Marla Ridenour column: Kitchens wants more toughness from Browns

Marla Ridenour is a sports writer for the Akron Beacon Journal. (Akron Beacon Journal/TNS)

Marla Ridenour is a sports writer for the Akron Beacon Journal. (Akron Beacon Journal/TNS)

BEREA — Coach Freddie Kitchens realizes the “culture shock” the Browns are experiencing as he tries to toughen his team, even if he hasn’t been in Cleveland long enough to realize how badly it was needed.

But third-year tight end David Njoku may have best voiced the training camp transformation from the Hue Jackson regime during Thursday’s preseason-opening victory over the Redskins.

“If practice is hard, the game is easy. Freddie put that into full effect this year,” Njoku told mic’d up rookie safety Sheldrick Redwine at FirstEnergy Stadium.

In the latest installment of “Building the Browns,” Redwine said, “I feel like this is not my first game,” and Njoku responded, “That’s because we’re going full pads for two weeks straight.”

Redwine said, “The speed is fast, but it ain’t crazy,” which prompted the tight end’s pertinent observation on Kitchens. First-year running back D’Ernest Johnson was also listening and before the exchange concluded, six-year veteran Odell Beckham Jr. interjected, “I already know we got practice tomorrow.”

What a difference a year makes. During training camp 2018, Kitchens was shown on HBO’s “Hard Knocks” asking Jackson why injured players were not observing practice. Now even though last week’s injured list included the entire starting defensive line, Kitchens is keeping the pads on.

Through Monday, Kitchens had put the Browns through full contact padded practices in 11 of the 12 allowed by the Collective Bargaining Agreement. The only exception was Friday after facing the Redskins, and that also broke the mold, with writers on the beat since 1981 unable to remember when the team practiced the day after a game.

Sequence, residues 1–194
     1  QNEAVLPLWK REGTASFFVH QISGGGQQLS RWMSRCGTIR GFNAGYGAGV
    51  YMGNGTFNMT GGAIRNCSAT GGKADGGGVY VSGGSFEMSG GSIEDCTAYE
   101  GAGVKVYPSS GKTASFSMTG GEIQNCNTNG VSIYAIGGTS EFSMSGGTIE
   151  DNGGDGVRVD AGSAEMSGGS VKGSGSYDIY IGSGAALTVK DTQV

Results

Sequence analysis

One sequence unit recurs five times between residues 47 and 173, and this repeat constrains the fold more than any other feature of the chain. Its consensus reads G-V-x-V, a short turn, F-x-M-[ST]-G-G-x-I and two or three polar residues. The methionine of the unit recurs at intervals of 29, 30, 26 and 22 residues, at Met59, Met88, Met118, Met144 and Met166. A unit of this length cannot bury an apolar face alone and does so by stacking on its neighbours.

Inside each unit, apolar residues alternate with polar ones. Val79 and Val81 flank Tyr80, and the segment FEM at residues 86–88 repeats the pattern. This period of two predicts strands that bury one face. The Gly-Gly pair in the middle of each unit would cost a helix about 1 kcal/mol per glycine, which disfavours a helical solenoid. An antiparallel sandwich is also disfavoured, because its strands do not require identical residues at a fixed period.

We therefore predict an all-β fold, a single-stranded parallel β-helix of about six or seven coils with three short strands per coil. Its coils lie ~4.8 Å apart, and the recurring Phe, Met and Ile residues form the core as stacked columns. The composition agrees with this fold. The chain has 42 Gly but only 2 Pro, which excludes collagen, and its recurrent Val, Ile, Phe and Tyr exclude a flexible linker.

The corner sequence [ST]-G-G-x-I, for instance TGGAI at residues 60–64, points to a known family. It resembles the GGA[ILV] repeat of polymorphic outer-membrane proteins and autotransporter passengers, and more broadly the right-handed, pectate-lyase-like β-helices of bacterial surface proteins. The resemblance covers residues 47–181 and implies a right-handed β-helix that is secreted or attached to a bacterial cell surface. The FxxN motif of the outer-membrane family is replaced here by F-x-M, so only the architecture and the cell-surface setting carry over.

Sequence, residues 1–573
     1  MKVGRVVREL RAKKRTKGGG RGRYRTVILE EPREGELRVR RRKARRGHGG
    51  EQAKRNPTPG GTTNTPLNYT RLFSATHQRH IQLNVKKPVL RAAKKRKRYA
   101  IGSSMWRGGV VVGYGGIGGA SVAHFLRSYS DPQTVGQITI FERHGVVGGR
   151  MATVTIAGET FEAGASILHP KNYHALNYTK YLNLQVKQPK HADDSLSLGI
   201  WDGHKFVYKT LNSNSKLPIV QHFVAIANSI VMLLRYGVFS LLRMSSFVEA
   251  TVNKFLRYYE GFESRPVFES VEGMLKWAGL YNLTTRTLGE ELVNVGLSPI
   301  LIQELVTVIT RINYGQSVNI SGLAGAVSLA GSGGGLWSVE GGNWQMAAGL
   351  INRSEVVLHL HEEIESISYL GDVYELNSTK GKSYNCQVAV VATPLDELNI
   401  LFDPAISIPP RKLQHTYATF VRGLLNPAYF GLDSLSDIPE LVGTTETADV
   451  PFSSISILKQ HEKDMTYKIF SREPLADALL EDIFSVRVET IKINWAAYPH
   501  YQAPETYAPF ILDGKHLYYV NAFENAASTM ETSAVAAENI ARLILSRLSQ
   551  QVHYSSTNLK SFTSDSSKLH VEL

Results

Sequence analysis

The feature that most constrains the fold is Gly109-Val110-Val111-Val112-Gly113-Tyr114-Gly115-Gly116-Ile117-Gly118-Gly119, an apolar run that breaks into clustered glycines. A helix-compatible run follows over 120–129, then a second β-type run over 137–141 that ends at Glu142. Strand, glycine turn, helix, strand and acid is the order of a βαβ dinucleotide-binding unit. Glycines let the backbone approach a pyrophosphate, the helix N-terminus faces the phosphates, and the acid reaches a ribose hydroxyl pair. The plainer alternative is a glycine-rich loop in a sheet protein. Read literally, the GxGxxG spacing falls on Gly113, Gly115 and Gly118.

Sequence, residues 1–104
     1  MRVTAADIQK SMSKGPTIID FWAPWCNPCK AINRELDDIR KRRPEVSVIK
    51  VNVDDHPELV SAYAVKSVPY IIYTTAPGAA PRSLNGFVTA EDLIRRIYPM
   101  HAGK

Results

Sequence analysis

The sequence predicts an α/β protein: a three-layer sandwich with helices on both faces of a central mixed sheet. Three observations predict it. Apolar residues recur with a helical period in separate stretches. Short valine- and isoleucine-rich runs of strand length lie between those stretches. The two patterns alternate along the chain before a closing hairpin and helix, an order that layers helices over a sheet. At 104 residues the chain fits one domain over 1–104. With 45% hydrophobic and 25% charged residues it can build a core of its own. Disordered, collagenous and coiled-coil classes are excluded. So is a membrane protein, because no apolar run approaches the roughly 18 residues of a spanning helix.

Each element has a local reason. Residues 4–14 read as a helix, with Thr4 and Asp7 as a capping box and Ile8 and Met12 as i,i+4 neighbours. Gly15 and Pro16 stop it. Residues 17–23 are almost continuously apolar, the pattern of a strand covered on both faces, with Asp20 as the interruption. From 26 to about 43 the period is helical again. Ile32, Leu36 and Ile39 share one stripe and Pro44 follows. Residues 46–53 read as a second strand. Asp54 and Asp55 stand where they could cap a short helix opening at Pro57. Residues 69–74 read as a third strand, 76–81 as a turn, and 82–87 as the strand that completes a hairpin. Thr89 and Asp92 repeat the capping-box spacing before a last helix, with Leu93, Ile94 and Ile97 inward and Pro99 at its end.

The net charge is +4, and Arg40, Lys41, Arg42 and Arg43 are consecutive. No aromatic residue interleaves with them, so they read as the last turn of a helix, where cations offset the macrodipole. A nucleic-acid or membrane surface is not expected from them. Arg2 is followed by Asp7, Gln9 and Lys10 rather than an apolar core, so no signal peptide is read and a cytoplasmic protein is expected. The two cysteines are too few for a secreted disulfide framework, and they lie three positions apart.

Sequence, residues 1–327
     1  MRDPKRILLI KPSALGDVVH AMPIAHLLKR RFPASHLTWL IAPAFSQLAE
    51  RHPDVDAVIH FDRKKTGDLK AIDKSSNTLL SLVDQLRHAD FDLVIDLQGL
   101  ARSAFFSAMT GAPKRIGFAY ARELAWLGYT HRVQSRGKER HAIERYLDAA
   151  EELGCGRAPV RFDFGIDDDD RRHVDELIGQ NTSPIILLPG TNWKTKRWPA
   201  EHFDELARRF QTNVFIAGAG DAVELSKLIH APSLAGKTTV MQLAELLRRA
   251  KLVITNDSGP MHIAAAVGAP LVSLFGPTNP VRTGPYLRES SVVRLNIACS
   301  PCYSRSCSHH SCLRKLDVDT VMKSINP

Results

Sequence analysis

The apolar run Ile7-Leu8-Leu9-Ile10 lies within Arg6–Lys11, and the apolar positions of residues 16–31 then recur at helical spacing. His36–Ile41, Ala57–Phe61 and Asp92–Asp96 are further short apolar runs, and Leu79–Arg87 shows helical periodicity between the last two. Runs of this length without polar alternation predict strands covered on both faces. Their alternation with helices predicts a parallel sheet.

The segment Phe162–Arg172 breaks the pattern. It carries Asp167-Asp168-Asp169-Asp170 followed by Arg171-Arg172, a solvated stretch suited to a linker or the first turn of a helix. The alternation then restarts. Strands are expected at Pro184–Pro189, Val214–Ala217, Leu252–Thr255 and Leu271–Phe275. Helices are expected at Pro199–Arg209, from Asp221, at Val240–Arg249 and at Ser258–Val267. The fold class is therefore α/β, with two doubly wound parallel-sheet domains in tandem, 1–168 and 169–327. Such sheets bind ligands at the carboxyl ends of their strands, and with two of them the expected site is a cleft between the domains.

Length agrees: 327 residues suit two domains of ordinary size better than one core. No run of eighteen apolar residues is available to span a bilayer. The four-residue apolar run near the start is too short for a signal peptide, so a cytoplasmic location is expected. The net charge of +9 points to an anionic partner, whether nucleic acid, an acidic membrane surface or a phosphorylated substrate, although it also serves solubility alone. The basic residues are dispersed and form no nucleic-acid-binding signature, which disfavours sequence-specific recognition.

To change the culture, the Browns had to change their practice habits. Barring a rash of serious injuries, whether his methods are too extreme may not be known until December if the Browns show they have nothing left for the stretch run.

“This has been a pretty tough camp for these guys,” Kitchens said Monday. “I think it has been kind of a culture shock, but I think they have embraced it. We have a lot of guys that are willing to pay the price. We understand that now. A lot of guys have bought in to what we are trying to do.”

During training camp, the current CBA allows one padded practice per day, limited to three hours. During the regular season, the maximum full-contact practices in pads allowed is 14, 11 during the first 11 weeks, and one per week.

When one media member mistakenly asked if the Browns would have only one more allowed in camp when they return from two sessions against the Colts Wednesday and Thursday in Westfield, Indiana, Kitchens said, “No, I don’t think so. I hope not because we are breaking that rule.” When his remark drew laughter, Kitchens said, “That was not a joke.”

Gone by the wayside is the brutal Oklahoma drill that former coach Marty Schottenheimer ran at least once each camp. Starters play less if at all in preseason, with ex-coach Bill Belichick one of the first to make the fourth game meaningless to all but those competing for the final roster spots.

But Kitchens, a disciple of Hall of Fame coach Bill Parcells, is going to push the padded practices to the limit. Never a coach at any level and starting just his second season with the Browns, Kitchens knows his team’s weaknesses, vowing, “We are going to be physically and mentally tough.”

“I do not think there is any other way. To me, it is a no-brainer,” Kitchens said. “The game is played in pads, so it is my job to make sure those guys are ready to play the game.”

Kitchens may see ancillary benefits like improved tackling, but that is not his only goal. He wants the Browns physically prepared for the rugged AFC North and mentally strengthened for the grind of a potential playoff run. He wants them to realize their capabilities and play to their potential.

He’s walking the line of alienating players for practices that are too physical and winning them over if they believe such sessions can help them capture a championship.

“This is a tough game played by tough people,” Kitchens said. “Sometimes you have to look inside yourself and make sure that you are tough. Sometimes you have to demonstrate that to realize that you are.”

Marla Ridenour can be reached at Read the Browns blog at Follow her on Twitter at


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Marla Ridenour is a sports writer for the Akron Beacon Journal. (Akron Beacon Journal/TNS) Ridenour is a sports writer for the Akron Beacon Journal. (Akron Beacon Journal/TNS)

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